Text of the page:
As part of our "bucket list" program, last night Bob Sohn and I sat down for a game of "SCS" Raphia, from MMP's Special Ops #1. Despite the notion that this is a game in the Standard Combat Series, the resemblance to other games in that series is superficial. It is igo-ugo, hex-and-tiny-counter, and the units have surprisingly large movement values. The resemblance ends there.
It's like Rock, Paper, Scissors but with Elephants thrown in.
The game depicts a huge battle between Egyptian and Selecuid forces in the "Successors" era. The sides are similarly armed, with both armies featuring a big phalanx and lot and lots of elephants. Players have the option to set up their forces as they wish, which I think is a nice feature for an "ancients" game. It sometime seems to me that this was the commander’s most important role in those days.
The movement allowance for the Phalanx is lowest, and pretty much ensures that the scrum will take place in the middle of the map, as happened in our game. Phalanxes “lock” with each other, pretty much setting the focus for the rest of the game.
To start, Bob and I engaged in some pointless dueling on one flank. On the first turn, there was a lot of Elephant rampaging to not much effect. It soon became clear that the ONLY units that really matter in this game are the Phalanx – the victory condition is to move one in to your opponent’s “home tent”. So then we set down to the business of trying to set up our other units to take missile shots on each other’s Phalanx in an attempt to wear them down. It also became clear that the best use of the Elephants was to try to get them to Rampage into the enemy Phalanx (and hopefully not your own).
The game features an interesting grid showing how units interact with each other (hence the title of this session report). For instance, Formed Infantry will Melee with their counterparts, Force retreat of lights, but can only throw things at Phalanxes. We caught ourselves cheating a few times, as these infantry can throw missiles ONLY at the phalanx, and not at any other unit type, which is perhaps not a typical game mechanic.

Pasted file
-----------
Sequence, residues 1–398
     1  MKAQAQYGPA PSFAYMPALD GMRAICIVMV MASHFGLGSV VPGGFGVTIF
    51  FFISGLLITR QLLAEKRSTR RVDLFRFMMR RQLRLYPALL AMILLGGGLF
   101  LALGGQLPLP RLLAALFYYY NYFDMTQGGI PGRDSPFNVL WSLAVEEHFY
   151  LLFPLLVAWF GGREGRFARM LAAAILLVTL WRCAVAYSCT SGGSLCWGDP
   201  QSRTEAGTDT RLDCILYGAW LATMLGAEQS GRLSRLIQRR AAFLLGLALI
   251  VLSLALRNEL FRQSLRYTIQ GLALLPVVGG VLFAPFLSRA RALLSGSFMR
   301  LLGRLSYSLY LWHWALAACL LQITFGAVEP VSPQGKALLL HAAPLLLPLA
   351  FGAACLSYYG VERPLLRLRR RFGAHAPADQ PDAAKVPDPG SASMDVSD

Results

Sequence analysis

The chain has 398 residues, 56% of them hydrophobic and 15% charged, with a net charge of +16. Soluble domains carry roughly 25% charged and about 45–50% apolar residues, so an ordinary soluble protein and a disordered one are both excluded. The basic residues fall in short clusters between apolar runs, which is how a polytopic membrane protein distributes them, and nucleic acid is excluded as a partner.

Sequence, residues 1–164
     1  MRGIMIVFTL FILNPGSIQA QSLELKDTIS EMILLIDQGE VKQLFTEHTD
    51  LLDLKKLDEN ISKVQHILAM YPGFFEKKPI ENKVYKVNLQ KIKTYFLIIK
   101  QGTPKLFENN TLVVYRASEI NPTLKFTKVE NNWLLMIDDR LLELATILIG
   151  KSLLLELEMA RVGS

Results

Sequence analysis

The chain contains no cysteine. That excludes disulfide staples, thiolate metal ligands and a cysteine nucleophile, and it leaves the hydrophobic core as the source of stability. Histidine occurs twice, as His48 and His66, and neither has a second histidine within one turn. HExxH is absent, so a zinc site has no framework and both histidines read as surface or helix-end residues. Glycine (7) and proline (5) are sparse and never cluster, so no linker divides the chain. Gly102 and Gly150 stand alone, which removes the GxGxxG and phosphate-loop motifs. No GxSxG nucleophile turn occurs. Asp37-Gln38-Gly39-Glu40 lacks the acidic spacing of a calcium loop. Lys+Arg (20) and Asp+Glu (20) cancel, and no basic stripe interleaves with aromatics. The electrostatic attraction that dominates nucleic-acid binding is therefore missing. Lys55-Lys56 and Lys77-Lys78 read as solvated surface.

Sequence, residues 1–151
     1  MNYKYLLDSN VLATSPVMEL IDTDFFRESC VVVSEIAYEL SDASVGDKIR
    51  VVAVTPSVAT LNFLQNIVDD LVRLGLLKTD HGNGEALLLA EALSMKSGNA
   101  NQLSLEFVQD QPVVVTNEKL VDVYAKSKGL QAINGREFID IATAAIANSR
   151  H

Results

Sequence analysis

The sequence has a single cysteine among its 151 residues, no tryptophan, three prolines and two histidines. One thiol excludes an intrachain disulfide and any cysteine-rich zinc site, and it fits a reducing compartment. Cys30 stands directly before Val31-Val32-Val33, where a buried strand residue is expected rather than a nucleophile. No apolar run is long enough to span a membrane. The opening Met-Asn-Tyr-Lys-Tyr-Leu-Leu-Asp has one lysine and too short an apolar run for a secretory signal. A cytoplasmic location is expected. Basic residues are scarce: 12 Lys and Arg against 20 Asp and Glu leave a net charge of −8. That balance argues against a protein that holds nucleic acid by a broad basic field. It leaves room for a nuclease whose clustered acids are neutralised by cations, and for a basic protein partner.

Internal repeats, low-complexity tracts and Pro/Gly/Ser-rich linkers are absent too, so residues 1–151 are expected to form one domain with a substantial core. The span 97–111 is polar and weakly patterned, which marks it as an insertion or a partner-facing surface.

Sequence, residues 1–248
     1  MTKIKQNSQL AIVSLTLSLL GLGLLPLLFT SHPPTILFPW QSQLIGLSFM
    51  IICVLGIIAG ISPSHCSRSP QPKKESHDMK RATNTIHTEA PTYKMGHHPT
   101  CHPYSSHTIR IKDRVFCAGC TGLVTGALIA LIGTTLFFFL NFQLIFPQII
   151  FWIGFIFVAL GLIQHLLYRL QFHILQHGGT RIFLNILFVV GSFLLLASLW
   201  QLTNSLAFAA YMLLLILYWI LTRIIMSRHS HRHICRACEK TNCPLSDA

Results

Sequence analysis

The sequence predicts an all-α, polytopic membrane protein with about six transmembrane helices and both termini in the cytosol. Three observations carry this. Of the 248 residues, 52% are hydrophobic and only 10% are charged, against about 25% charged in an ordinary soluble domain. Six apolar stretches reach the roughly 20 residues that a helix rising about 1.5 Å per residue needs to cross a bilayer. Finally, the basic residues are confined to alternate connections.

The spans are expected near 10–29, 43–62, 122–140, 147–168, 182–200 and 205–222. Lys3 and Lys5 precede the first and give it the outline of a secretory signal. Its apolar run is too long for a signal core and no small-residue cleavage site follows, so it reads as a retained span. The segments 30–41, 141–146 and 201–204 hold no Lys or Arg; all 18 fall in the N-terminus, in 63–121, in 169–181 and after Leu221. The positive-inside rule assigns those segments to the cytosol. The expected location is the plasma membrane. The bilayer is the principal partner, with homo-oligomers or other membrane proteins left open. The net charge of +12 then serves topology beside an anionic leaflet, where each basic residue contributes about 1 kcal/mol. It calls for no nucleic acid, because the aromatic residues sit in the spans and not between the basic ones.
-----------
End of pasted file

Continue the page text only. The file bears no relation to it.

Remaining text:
The system seems to generate a lot of “retreats”, and we saw units moving back and forth from the edge and back into the action over and over. As the Selecuids, I had fewer Phalanxes but had many more Peltasts, which I set up in a second line to “pelt” the Egyption Phalanx. This seemed to be working out fine until a rampaging elephant took out nearly all of them. There was an overstack on the last retreat hex (the tent), and so all but two were forced off the map.
Ultimately, however, I managed to get the upper hand in missile fire. Bob actually managed to break free with a couple of Phalanx units, and headed straight for my tent. However, they were mowed down in a hail of fire. These same rock-chuckers returned to the line and helped affect a breakthrough of my own, for the win.
We had fun. The game seemed a bit sluggish a first, and the rule that all missile fires need to be declared before any are resolved seemed cumbersome. But after a while almost everyone was dead or gone and the game moved much quicker. We did have to make up a few rules to fill some holes in the rulebook, but it was not hard to agree on them. I do believe I would play again, but I’m sure Bob would not.
We finished up the night with a 3-game series of Harry’s Grand Slam Baseball, which is now “the” filler. Bob won that, 2 games to 1.